Prisoner classification officers interview inmates, compile social and criminal histories, and recommend rehabilitation services. The prisoner classification interview includes an examination of the prisoner's attitudes, mental capacity, character, and physical capabilities. This interview also provides an opportunity to explain prison rules and regulations. Most states have systems that place inmates based on “levels” or other classifications. Placement in a particular level has implications regarding recreation, time out of cells, and other issues involving inmate contact. Correctional facilities also seek to minimize conflict by identifying relational situations between inmates that would likely result in conflict. Classification officers make determinations about the appropriate placement level and seek to identify potential conflicts so prisoners can be placed in a safe environment that minimizes stress on the institution.

Links

Bureau of Labor Statistics – Occupational Outlook Handout

http://www.bls.gov/oco/ocos265.htm

Handbook for Evaluating Objective Prison Classification Systems

http://www.nicic.org/pubs/1992/010675.pdf

Community Corrections

Description

In response to increasing costs of incarceration and prison construction, and a recidivism rate that point out the failure of incarceration, criminal justice professionals continuously work to perfect or create corrective rehabilitation programs to administer to offenders in lieu of incarceration. Community Corrections programs evolved from these needs. These community-based agencies administer programs that divert non-violent offenders from prison. These programs include probation, intensive probation, electronic monitoring, and other alternatives. Programs are coordinated by local courts and correctional agencies and may be run by governmental and/or private agencies.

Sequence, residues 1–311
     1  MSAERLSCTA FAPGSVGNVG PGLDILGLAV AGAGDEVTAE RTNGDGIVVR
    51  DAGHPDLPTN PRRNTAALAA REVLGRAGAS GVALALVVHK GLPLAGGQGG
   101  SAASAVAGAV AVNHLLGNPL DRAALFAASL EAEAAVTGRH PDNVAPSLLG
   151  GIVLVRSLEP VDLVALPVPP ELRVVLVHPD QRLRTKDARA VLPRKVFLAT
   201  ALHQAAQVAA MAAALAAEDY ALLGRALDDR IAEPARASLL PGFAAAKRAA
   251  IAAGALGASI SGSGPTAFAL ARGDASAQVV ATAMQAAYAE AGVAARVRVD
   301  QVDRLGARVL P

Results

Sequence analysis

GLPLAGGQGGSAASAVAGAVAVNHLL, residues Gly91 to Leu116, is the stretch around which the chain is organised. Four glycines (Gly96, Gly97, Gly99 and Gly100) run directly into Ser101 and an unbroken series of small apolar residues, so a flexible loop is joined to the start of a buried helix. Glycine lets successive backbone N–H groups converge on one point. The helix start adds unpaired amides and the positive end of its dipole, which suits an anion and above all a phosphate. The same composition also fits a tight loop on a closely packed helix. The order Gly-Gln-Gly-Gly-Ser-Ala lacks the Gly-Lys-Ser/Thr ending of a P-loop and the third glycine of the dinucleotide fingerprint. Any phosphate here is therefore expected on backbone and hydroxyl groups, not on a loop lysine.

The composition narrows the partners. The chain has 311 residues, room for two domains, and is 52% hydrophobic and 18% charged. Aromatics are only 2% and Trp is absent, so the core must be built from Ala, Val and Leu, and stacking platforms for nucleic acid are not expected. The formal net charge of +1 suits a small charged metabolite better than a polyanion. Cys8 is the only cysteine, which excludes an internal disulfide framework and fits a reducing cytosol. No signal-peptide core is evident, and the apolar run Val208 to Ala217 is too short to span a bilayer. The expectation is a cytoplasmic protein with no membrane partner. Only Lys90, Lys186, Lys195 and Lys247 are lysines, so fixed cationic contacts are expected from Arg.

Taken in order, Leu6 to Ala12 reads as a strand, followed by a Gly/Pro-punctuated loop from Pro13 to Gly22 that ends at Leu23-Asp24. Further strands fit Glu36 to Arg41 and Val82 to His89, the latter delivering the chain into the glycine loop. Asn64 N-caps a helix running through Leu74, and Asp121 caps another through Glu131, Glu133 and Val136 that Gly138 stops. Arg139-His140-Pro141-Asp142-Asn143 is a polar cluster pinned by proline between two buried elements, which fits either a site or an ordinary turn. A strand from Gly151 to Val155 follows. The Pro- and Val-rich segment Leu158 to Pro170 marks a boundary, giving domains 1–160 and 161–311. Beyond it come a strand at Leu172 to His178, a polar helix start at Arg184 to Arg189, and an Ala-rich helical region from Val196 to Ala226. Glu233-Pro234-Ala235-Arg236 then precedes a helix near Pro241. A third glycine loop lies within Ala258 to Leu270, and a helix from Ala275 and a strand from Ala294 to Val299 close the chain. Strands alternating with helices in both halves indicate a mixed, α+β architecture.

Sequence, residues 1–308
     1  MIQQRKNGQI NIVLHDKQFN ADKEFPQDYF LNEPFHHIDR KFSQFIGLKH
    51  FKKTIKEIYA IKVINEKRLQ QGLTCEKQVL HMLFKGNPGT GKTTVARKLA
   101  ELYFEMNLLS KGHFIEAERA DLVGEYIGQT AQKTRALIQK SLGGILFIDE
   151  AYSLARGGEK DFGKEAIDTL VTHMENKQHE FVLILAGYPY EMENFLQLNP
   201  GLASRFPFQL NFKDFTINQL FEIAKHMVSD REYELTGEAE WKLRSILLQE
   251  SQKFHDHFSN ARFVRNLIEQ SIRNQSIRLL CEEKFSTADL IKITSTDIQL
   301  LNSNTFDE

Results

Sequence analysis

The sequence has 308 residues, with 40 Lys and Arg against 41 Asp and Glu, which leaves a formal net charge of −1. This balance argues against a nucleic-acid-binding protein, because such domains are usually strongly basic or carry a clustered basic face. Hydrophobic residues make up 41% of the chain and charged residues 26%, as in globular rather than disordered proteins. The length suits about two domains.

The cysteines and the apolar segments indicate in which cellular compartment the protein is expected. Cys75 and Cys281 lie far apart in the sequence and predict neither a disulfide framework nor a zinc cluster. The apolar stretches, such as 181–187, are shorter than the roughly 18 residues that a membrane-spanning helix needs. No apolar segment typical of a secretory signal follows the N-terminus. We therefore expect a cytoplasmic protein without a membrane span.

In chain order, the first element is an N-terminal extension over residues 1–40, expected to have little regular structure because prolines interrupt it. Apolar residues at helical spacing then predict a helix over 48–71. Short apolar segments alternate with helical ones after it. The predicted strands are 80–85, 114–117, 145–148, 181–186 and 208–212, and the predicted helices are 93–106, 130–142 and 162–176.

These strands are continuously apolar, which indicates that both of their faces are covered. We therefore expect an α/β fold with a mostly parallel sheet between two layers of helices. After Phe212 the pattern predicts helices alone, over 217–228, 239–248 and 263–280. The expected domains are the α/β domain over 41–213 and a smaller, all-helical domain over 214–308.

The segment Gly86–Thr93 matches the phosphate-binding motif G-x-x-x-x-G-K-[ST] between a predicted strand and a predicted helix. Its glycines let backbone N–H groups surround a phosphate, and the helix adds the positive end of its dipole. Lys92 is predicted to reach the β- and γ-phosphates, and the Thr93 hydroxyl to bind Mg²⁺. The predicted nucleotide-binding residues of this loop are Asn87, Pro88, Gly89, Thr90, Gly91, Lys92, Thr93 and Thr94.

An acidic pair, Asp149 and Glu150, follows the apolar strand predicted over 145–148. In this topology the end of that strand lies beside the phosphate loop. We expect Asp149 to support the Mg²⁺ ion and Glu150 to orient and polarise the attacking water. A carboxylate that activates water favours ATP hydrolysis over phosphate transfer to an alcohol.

Links

Community Justice Exchange

http://communityjustice.org/home.asp

Community Resources for Justice

http://www.crjustice.org/index.html

International Community Corrections Association

http://www.iccaweb.org/

Correctional Administrator

Description and Duties

Correctional administrators oversee the operations of prisons and provide leadership, supervision and staff training. Prisons have a hierarchical leadership structure similar to that found in the military. Ranks in the correctional system typically start at Officer, then Sergeant, Lieutenant, Captain, and finally Warden. Other administrative ranks may include unit managers, who may be responsible for the oversight of a group of cells, sometimes known as “pods.” Senior corrections administrators may be responsible for everything from formulating policies, goals and objectives, to communicating with the press and general public. Correctional Administrators may also represent prison interests in litigation matters.

Links

American Correctional Association

http://www.aca.org/

Association of State Correctional Administrators

http://www.asca.net/

Corrections.com

http://www.corrections.com/

Correctional Management Institute

http://www.shsu.edu/cjcenter/CMIT/

International Corrections and Prisons Association

http://www.icpa.ca/

National Institute of Corrections

http://www.nicic.org/

Correctional Educator

Description and Duties